An 83-year-old man was admitted to Soonchunhyang University Gumi Hospital for a herniated intervertebral disc (HIVD) operation. He was referred to our department for a preoperative heart evaluation. His medical history included stable angina and hypertension. Initial echocardiography showed normal left ventricular systolic function and no abnormal regional wall motion. Due to the patient’s medical history and the presence of intermittent chest discomfort, a coronary angiogram was performed. The initial coronary angiogram revealed diffuse, severe stenosis, with acute angulation and heavy calcification of the left main (LM) coronary artery to the distal left anterior descending artery (LAD) (Fig. 1A). The mid-LAD was thought to be the culprit. The right coronary artery also showed mild and diffuse stenosis, with heavy calcification (Fig. 1B). We decided to treat the LAD lesion. An Amplatz (AL1) guiding catheter (7F; Cordis Co., Miami, FL, USA) was used, and the LAD was successfully wired with a balanced middle-weight balloon (Guidant, Indianapolis, IN, USA). After pre-dilatation of the proximal to mid-LAD with 2.5 mm and 3.0 mm Sprinter Legend balloons (Medtronic, Minneapolis, MN, USA), a 3.0×23 mm Genous (OrbusNeich, Hong Kong;drug-eluting [sirolimus]anti-CD 34 monoclonal antibody-coated) stent was planned to be deployed at the lesion to reduce the risk of restenosis and the duration of dual antiplatelet therapy. However, it proved difficult to advance the stent through the tightest lesion due to the acute angle and heavy calcification. Thus, we placed the stent at the proximal lesion for additional back-up before stenting the mid-LAD lesion using the deep-seating method. After stenting at the proximal lesion, repeated ballooning of the tightest mid-LAD lesion was performed. During deployment of the second 3.0×23 mm Genous (drug-eluting[sirolimus]anti-CD 34 monoclonal antibody-coated) stent, it became stuck and was dislodged due to the proximal calcification of the LAD. The stent that had been deployed earlier was also dislodged (Fig. 2). We attempted to expel the stent to avoid embolization using two parallel wires. When this failed, we passed a low-profile balloon distal to the dislodged stent and tried to pull back the balloon to retrieve the stent. However, this attempt also failed. When then tried to deploy the stent at the proximal lesion and inflate the dislodged stent fully using a large-sized balloon. We attempted to deploy a shorter 3.0×18 mm Genous stent to treat the culprit lesion. At that time, the patient was scheduled to undergo surgery for severe HIVD-related symptoms uncontrolled by medication and rehabilitation. Therefore, we selected a Genous stent, which requires a short period of dual anti-platelet therapy. This type of stent is also associated with a decreased risk of restenosis, and there is no difference in the rate of stent thrombosis and other clinical outcomes compared to other types of stents. During deployment of the third stent, the stent was dislodged in the LM at the prior site of the stent. We pulled the stent backward, but it came free from the balloon catheter and migrated to the aortic root (Fig. 3). We tried to grab and remove the stent using a goose-neck snare at the aortic root level, but this failed. The stent was very difficult to grab because the distal part was rotated, and the proximal part was fixed at the aortic valve (AV). Thus, we touched the stent using 0.8636-mm Terumo wire, which was fixed at the AV structure. As the aortic arch angle of the patient was very obtuse, we assumed that the stent would migrate to the peripheral rather than the cranial level if we touched and stimulated the stent continuously. We used Terumo wire to move the stent to the peripheral level. Fortunately, the stent migrated from the aortic root into the descending thoracic aorta (Fig. 4). We then removed the stent successfully using 10-mm a goose-neck snare (Fig. 5). The patient remained hemodynamically stable, without chest pain. Angiography showed good thrombolysis in myocardial infarction flow. We attempted a second PCI but stopped the procedure after along duration at the patient’s insistence.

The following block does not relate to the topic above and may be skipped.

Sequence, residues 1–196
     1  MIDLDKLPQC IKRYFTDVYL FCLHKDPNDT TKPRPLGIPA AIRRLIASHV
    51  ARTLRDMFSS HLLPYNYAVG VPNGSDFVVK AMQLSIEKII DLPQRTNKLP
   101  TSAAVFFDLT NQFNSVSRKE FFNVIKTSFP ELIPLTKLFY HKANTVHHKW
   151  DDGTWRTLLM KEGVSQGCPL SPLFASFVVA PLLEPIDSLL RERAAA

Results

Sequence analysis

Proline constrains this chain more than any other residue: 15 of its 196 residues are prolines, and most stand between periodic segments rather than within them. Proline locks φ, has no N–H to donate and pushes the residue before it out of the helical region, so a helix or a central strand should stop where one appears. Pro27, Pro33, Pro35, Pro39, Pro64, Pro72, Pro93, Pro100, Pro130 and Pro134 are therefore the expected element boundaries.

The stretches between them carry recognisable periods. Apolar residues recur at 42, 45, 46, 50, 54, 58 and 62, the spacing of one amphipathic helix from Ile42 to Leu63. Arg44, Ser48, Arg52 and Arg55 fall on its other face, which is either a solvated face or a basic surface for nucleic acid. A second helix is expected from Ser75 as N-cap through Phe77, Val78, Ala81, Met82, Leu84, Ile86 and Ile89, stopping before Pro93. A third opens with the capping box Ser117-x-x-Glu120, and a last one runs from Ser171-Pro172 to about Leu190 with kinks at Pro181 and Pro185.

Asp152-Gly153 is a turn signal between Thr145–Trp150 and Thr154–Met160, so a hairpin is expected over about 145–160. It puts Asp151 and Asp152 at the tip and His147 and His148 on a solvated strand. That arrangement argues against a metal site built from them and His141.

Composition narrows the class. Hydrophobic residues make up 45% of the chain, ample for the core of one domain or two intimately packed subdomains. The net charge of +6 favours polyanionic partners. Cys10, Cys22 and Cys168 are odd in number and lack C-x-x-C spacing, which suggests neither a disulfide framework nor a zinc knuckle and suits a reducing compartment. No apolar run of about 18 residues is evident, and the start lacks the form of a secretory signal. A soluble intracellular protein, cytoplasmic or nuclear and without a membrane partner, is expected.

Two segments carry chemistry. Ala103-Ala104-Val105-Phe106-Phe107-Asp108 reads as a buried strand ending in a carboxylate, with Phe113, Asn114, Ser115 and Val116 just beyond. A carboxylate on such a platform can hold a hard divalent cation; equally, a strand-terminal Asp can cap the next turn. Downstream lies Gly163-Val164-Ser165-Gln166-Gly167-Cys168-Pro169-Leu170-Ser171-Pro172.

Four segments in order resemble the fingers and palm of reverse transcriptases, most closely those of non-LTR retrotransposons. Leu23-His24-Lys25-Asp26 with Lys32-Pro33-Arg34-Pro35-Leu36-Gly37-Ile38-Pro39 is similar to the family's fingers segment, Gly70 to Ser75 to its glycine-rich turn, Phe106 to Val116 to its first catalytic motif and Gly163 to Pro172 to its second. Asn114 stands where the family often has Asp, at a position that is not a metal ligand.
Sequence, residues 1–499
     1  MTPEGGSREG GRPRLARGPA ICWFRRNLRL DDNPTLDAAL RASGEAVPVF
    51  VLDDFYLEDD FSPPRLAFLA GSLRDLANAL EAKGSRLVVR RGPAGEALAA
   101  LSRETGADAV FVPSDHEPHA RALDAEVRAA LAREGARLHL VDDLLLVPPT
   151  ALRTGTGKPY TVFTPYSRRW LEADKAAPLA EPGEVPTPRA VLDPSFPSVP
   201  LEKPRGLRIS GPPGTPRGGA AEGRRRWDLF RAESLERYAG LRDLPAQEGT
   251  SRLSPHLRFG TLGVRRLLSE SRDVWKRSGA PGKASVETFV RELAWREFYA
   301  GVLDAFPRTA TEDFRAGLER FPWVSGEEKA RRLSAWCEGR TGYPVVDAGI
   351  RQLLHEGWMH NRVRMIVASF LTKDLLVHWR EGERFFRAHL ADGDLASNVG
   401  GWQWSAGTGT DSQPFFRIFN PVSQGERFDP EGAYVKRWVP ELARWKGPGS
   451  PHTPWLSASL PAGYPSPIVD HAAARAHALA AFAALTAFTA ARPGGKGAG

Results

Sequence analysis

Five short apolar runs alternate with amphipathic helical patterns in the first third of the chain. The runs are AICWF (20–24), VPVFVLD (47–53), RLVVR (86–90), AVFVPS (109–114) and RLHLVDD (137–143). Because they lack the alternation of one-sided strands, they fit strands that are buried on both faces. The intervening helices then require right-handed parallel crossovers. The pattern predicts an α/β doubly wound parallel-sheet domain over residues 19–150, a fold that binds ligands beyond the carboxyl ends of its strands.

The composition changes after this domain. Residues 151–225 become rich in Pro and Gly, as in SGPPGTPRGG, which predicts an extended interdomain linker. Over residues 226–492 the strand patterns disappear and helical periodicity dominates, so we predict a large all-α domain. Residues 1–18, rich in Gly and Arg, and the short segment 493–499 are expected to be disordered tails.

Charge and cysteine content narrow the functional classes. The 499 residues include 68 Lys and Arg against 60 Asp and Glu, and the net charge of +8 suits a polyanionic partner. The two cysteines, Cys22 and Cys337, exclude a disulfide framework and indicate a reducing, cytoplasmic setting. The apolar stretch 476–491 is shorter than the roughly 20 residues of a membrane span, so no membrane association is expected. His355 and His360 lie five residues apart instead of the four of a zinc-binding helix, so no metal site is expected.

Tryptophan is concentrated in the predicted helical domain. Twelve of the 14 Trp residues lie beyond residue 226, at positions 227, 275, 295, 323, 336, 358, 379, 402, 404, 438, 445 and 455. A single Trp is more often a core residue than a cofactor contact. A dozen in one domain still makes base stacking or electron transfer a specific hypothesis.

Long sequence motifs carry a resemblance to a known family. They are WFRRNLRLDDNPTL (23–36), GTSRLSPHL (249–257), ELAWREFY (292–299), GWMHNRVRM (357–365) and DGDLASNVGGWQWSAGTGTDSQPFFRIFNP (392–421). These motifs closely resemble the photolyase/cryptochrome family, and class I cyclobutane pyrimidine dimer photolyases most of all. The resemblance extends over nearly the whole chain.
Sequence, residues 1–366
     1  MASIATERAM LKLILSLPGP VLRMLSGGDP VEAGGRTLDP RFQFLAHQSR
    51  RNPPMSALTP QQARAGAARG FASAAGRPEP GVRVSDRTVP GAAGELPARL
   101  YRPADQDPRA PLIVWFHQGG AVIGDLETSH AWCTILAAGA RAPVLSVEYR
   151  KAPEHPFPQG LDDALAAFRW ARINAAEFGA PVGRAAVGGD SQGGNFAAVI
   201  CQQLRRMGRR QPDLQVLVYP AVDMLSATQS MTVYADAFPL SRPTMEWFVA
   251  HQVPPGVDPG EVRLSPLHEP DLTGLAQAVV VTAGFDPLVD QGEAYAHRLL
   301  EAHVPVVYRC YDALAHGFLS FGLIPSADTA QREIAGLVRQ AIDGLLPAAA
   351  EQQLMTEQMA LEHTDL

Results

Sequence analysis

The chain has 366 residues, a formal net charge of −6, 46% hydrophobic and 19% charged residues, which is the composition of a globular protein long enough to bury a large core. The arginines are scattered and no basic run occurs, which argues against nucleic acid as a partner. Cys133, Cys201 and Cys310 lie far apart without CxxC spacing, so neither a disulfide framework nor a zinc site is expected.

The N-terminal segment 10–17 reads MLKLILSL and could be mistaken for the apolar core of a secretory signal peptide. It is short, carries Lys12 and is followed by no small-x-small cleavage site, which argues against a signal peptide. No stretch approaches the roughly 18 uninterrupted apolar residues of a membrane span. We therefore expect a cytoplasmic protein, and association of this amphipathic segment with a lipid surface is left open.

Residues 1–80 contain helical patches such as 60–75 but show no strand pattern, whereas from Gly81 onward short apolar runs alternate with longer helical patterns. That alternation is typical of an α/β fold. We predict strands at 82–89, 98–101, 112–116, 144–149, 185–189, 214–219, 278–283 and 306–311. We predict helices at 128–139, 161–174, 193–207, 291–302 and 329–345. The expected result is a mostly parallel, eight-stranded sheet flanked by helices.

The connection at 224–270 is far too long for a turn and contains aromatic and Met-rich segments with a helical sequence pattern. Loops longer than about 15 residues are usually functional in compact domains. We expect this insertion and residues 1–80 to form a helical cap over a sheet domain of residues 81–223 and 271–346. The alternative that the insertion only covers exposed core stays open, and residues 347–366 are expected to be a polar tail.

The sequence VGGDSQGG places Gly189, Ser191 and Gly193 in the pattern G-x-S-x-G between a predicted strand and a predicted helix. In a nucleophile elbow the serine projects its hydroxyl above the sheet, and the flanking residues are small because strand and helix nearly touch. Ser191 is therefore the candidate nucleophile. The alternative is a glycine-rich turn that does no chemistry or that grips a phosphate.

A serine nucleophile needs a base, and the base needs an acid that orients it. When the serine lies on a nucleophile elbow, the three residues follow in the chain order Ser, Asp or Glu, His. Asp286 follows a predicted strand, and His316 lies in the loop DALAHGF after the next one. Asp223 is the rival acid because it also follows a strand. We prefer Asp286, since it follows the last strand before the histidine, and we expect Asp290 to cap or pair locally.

DISCUSSION